Saddle Pads: Best Shock Absorber Identified in Study

Researchers recently examined what saddle pad material is best suited for reducing equine back pressure.
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If you’ve ever been in the market for a new saddle pad, you know there are a myriad of types to choose from. Many horse owners search for a product that reduces the pressure on their horse’s back when working under saddle, and a team of Austrian researchers recently set out to determine what material might be best suited for the task.

Of four saddle pad materials (gel, leather, foam, and reindeer fur) tested by the Movement Science Group of the University of Veterinary Medicine in Vienna, Austria, reindeer fur provided the best shock absorption at the walk and sitting trot, according to a study.

"Saddle fit involves individual adaptation," said Christian Peham, head of the Movement Science Group, "It is difficult to make a general recommendation about the best material, but reindeer fur showed the best results."

The research team tested the four commonly used saddle pad materials by placing a pressure-sensing mat under the pad used beneath a well-fitting saddle. They recorded the forces on the backs of 16 sound horses of different breeds and ages ridden on a treadmill at a walk and a sitting trot. For comparison, the same horses were tested without a saddle pad at the same gaits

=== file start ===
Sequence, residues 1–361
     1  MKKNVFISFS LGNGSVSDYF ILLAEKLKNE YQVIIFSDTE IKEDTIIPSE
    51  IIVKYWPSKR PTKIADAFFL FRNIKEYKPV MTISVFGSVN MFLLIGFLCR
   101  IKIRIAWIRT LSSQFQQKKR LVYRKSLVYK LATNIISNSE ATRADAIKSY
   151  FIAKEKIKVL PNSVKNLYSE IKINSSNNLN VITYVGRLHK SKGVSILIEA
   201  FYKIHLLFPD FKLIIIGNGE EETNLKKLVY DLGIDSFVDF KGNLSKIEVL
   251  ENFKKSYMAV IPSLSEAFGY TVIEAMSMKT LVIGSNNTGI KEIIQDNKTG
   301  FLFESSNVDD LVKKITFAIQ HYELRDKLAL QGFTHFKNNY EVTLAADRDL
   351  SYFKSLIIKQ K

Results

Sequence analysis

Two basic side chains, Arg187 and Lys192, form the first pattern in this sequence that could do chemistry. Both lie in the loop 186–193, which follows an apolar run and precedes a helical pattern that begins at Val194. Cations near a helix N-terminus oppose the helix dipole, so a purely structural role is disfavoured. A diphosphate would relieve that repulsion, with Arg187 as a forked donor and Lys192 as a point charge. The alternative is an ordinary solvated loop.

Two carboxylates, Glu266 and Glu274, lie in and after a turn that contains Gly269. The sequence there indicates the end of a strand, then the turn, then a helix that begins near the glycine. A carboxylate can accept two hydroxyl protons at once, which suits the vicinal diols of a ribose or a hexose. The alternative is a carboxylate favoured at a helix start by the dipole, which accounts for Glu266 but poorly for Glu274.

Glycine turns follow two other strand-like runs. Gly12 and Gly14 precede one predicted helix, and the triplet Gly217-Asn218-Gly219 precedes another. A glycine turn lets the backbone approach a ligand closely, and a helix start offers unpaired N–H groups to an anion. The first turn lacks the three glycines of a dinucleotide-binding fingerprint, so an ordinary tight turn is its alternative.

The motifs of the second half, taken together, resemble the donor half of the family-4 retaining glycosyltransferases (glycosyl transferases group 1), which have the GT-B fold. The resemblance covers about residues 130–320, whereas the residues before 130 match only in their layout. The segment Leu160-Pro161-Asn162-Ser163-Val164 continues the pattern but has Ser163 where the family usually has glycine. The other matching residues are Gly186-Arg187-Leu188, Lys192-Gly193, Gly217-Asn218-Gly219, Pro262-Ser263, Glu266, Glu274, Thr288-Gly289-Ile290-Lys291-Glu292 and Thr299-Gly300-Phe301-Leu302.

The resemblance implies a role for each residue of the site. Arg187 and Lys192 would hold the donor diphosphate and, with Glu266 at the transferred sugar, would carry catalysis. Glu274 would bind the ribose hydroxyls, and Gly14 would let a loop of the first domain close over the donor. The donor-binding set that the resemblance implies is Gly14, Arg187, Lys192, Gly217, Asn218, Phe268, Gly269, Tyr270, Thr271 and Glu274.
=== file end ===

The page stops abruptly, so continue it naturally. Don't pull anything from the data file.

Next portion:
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Nancy Zacks holds an M.S. in Science Journalism from the Boston University College of Communication. She grew up in suburban Philadelphia where she learned to ride over fields and fences in nearby Malvern, Pa. When not writing, she enjoys riding at an eventing barn, drawing and painting horses, volunteering at a therapeutic riding program, and walking with Lilly, her black Labrador Retriever.

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